Archive for December 2012
Derrick Story, TechHive:
Pentax has created an ecosystem of rugged, weather-resistant DSLRs and lenses. The new Pentax K-30 fills a particular niche, as an affordable, versatile camera that you can take just about anywhere. With its weather-sealed, dustproof, coldproof construction, you might actually wait until the rain starts before you go outside to take pictures.
Samantha Waidler, TechHive:
Close-up photos pull you directly into a subject so you can examine its details from a unique perspective. A close-up tends to focus on a specific thing—an insect, a plant, a flower, or a face, for example. Or it can highlight something we don’t usually pay much attention to, but which turns out to be captivating, dramatic, or revealing when intimately
Jackie Dove, TechHive:
You want a camera with imaging power—something that offers a reasonably sized sensor, an advanced processor, a megapixel count that lets you do more than upload to Facebook and Twitter, a flexible instrument that lets you swap out lenses to suit a variety of shooting situations, and something with perhaps a bit of heft for better stability and ease of use.What you’re looking for is either a DSLR or one of the many compact interchangeable-lens cameras that have grown in popularity over the last couple of years. These are not pocketable point-and-shoot or smartphone analogs. These are sophisticated photographic devices that help you produce the images you envision. We’ve looked at a number of these cameras this year, and offer up our favorites here.
Michael Zhang, PetaPixel:
Every few months, it seems, a fine art photograph is sold at auction for an astronomical price and then takes its place among the world’s most expensive photos. The price tags are large, but pale in comparison to the hundreds of millions of dollar shelled out for the world’s priciest paintings. One reason for the price discrepancy may be due to the fact that art collectors are more wary of fine art photography’s long term value, and the fact that any reprints of the same images made in the future could drastically affect the value of their investments. However, a new report has found that confidence in the photography market is steadily rising, meaning we’ll likely see prices continue to balloon.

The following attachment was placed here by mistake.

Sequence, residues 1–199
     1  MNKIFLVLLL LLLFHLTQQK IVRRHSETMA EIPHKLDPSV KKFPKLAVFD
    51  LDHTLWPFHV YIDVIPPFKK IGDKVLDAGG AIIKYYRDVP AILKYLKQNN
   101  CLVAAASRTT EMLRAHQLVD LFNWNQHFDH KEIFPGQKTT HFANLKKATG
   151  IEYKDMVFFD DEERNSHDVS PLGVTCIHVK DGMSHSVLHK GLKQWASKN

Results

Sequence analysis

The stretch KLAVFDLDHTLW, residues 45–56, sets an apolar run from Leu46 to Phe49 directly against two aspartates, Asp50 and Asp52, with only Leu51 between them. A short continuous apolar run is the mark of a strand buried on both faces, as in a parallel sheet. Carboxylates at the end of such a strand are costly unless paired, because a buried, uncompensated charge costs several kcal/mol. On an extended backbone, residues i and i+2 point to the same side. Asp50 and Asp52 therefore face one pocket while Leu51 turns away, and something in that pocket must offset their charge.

Fine art photography is a very good financial investment.
Candace Jackson, The Wall Street Journal:
Photographer Annie Leibovitz has listed her West Village compound for $33 million. Composed of three separate townhouses on a corner of Greenwich Street, the property is currently configured to include living space, offices and guest quarters. The buildings surround a slate patio and private courtyard garden. Inside the main home, there are wide-plank wood floors, high ceilings, a formal dining room and chef’s kitchen. The building that includes Ms. Leibovitz’s studio has a large reception room. The property includes 13 fireplaces in all and has a combined total of more than 10,200 square feet. “It’s very rare to have something like this,” says listing broker Paula Del Nunzio, of Brown Harris Stevens. “She created it.” The brick buildings, in a Greek Revival style, date back to the 1830s. According to public records, Ms. Leibovitz, best known for her celebrity photographs, began assembling the property in 2002, purchasing the first two buildings for $4.2 million. She later purchased the third townhouse for $1.9 million. She has since gut-renovated all three homes. In 2009, Ms. Leibovitz faced a wave of publicity when a dispute over the terms of the repayment of a loan involved her townhouses and photo archives, which creditors claimed she’d put up as collateral. The matter was later resolved. Ms. Leibovitz is selling because she plans to move uptown to be closer to the school of her three daughters, according to Ms. Del Nunzio. Guida De Carvalhosa, also of Brown Harris Stevens, shares the listing.
Michael Zhang, PetaPixel:
Reuters has published its list of the best photographs taken in 2012, a massive collection of 95 powerful images showing different events that have occurred around the globe over the past year. In addition to large photos, descriptions by the photographers, and the official captions, each image is also accompanied by information about the equipment and settings that were used to capture it. Photography enthusiast and Reddit user hallbuzz decided to copy, paste, sort, and tally all 95 EXIF data entries, and published a list with the ranking of cameras, lenses, and settings used. Another user named mathiasa then took that list and turned the data into a series of charts. They offer an interesting glimpse at how some of the most powerful photographs recently captured by photojournalists were snapped.
This is definitely very interesting to know. But does it really mean anything?
Joshua Schnell, TechHive:
While Will.i.am is off trying to make the ultimate iPhone-camera case, you can jump to the head of your class with the new TurtleJacket PentaEye case that just hit the market. The case includes a nice 5-lens wheel that lets you switch between a number of lenses in a fairly quick amount of time.